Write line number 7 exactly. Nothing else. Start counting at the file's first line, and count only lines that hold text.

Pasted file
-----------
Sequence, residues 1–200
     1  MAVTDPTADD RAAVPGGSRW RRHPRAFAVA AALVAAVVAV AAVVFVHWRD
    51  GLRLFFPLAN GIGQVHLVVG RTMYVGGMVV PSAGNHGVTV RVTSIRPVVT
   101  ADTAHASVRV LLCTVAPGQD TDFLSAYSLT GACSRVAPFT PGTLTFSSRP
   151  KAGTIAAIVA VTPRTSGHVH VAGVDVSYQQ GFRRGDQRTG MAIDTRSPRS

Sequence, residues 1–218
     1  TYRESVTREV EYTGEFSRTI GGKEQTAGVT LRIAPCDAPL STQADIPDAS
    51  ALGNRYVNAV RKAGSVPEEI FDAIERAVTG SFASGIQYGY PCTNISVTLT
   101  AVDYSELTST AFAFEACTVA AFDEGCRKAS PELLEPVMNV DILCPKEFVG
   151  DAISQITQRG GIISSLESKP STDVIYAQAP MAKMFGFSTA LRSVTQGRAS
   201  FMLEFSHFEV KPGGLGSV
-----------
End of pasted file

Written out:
     1  TYRESVTREV EYTGEFSRTI GGKEQTAGVT LRIAPCDAPL STQADIPDAS